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28 June 2013

Alcohol and surgery a bad combination

People who have more than a couple of alcoholic drinks every day tend to have more complications after surgery than teetotallers or light drinkers.

People who have more than a couple of alcoholic drinks every day tend to have more complications after surgery than teetotallers or light drinkers, according to a review of past studies.

The analysis confirms that "alcohol and surgery are a bad combination", said Bolette Pedersen of the Clinical Health Promotion Centre of Bispebjerg and Frederiksberg University Hospital in Denmark.

But it's not clear what effect stopping drinking before surgery would have on complications, said Pedersen, who was not involved in the review.

Infections and slow wound healing were the most common complications associated with heavy drinking, according to lead author Marie Eliasen of the National Institute of Public Health at the University of Southern Denmark in Copenhagen.

Eliasen and her co-authors examined the results of 55 studies on pre-op drinking and post-op complications occurring up to 30 days after surgery. The studies looked at head and neck, abdominal and orthopaedic surgeries for a variety of conditions, none of which was related to alcohol use.

Patients who drank heavily leading up to surgery, including those who abused alcohol or were dependent on it, were more than twice as likely to die in the month after their procedures than abstainers – though the risk of dying varied greatly by procedure.

Heavy drinkers were also 73% more likely to contract a post-op infection, 80% more likely to have difficulty breathing and 29% more likely to be admitted to the intensive care unit than non-drinkers, according to results published in the Annals of Surgery.

Alcohol compromises immunity

The associations were stronger with abdominal surgery - which can include gallbladder, liver and stomach procedures - than with other types of operations.

Low to moderate drinking – a drink or two per day or less – was not tied to post-op complications, but only a few studies addressed that group, Eliasen said.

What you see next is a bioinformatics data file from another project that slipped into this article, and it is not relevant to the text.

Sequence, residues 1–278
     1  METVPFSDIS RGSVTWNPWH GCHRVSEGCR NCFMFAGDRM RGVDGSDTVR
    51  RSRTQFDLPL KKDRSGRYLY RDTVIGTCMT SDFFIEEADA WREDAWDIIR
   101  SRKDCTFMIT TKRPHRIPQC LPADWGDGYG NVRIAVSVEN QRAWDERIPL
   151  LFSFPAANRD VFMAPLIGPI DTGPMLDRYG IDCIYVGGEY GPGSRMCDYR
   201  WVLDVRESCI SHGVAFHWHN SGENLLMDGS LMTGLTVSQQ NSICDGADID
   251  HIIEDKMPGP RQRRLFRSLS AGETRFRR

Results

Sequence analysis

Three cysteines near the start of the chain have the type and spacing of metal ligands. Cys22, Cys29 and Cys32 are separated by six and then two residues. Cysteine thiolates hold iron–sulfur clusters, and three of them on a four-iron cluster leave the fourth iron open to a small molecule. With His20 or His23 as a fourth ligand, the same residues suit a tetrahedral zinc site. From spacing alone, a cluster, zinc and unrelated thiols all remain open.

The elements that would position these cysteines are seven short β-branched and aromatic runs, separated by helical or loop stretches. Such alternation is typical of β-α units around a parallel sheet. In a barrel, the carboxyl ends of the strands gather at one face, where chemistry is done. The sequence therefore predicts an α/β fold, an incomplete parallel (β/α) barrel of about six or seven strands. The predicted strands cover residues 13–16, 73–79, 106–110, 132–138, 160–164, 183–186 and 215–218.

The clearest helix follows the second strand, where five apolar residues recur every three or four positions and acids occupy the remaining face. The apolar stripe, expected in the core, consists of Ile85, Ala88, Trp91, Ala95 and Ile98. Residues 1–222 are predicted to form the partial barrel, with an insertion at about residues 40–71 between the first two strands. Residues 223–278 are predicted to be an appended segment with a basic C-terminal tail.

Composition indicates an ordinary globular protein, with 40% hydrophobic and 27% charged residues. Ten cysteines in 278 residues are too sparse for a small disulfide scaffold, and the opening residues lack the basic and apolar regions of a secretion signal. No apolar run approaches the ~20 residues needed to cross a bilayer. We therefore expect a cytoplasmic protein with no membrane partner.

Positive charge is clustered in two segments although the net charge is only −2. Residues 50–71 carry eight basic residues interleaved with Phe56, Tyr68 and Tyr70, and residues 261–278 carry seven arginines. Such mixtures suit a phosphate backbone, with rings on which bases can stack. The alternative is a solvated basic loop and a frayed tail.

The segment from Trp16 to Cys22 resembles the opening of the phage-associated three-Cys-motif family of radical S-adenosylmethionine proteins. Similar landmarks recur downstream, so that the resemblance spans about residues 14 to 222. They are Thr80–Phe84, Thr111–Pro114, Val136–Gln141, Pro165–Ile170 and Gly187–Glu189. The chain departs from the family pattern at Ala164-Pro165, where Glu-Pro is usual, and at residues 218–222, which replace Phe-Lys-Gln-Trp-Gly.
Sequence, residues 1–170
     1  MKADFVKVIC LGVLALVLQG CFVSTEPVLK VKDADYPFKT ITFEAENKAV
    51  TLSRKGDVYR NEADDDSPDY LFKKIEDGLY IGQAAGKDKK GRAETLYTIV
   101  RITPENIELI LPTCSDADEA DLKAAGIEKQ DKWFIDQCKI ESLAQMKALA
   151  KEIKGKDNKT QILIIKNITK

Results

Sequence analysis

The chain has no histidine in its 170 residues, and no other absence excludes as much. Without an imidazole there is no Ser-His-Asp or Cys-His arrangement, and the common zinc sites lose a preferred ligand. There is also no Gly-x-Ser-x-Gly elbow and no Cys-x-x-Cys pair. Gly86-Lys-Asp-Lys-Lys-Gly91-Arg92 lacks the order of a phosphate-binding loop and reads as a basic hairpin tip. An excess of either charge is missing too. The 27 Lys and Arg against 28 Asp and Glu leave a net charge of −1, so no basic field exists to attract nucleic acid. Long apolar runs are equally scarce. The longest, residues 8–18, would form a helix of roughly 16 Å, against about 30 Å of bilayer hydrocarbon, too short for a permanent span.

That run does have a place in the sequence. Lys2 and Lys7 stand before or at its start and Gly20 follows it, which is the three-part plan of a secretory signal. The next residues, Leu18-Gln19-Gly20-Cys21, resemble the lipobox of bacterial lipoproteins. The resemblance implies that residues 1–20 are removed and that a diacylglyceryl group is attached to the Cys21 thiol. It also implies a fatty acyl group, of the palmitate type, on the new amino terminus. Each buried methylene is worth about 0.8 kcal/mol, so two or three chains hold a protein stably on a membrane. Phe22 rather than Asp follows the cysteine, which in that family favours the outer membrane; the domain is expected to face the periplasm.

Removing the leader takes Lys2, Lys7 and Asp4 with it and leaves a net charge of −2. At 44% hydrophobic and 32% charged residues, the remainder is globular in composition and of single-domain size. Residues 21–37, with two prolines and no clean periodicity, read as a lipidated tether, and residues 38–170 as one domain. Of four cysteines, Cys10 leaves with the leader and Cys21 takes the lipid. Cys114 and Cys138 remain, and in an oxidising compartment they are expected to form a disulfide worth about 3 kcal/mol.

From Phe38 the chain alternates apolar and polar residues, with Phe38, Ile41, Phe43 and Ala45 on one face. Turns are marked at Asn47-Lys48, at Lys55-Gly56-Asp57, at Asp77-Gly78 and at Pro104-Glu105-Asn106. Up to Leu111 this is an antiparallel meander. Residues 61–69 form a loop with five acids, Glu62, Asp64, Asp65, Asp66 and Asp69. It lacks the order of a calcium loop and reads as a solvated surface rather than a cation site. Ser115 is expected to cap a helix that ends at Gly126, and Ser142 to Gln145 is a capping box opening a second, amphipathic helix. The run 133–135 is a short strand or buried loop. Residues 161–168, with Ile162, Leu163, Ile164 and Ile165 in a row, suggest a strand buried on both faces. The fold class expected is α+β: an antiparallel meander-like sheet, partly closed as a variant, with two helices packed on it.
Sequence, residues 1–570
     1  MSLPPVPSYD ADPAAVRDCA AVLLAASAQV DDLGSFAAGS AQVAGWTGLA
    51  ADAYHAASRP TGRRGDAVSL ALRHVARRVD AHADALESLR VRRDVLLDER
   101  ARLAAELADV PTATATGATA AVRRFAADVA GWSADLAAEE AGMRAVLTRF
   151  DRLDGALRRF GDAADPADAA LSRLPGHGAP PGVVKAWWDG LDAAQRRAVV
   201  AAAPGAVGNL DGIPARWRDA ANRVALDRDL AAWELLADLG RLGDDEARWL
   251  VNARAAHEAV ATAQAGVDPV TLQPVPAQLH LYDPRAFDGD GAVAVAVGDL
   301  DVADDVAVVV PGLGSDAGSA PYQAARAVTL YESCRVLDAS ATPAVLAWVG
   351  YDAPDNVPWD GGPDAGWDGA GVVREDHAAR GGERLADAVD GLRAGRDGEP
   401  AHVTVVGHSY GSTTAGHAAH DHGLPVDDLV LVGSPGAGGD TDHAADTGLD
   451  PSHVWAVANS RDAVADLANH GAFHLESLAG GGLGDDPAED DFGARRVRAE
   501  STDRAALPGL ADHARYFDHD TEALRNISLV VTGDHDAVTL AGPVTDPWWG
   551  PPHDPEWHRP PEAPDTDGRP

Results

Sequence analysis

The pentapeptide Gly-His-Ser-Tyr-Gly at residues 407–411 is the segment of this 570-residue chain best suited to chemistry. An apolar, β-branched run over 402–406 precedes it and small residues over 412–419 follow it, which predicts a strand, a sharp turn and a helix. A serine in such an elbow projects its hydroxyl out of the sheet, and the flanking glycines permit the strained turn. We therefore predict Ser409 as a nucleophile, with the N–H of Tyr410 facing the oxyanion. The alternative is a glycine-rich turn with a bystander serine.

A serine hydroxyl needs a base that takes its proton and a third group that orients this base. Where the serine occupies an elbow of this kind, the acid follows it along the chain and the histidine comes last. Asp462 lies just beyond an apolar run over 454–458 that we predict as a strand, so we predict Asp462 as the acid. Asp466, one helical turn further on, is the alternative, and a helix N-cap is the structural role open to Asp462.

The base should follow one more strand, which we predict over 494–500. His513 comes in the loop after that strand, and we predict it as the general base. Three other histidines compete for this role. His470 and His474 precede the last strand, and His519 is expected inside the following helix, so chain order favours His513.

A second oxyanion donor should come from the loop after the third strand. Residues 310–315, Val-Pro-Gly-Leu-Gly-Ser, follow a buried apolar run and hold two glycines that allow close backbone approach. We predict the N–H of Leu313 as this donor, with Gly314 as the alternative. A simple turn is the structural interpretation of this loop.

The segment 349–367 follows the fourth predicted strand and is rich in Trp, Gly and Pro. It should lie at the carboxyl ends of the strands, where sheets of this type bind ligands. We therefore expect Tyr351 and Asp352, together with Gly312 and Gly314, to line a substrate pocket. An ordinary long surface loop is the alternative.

Heavy alcohol use over time compromises the immune system, which makes the body more susceptible to infections, she said.

"Moreover, high alcohol consumption increases the endocrine stress response to surgery which may worsen existing conditions and reduces blood coagulation, giving an increased risk of bleedings and slowing down wound healing processes," she said.

The studies looked at alcohol consumption over different lengths of time, from months to years, so it's unclear what duration of alcohol use leads to higher risks or when a patient's drinking has the strongest effects. But it's likely that the more you drink, the quicker the extra risks would appear, Eliasen said.

A previous study found that post-op risks declined when patients stopped drinking four or more weeks before surgery, she said.

Though it may seem like common sense, sometimes doctors don't advise their patients to stop drinking before an operation, she added.

Few patients are offered specific 'stop-drinking' programmes as part of the lead up to surgery, Pedersen said.

It's much more common that patients are encouraged to stop smoking.

"In my opinion, it is now time to focus on intervention studies (randomised trials) to evaluate the effects of 'stop-drinking' in relation to surgery," she said.

 
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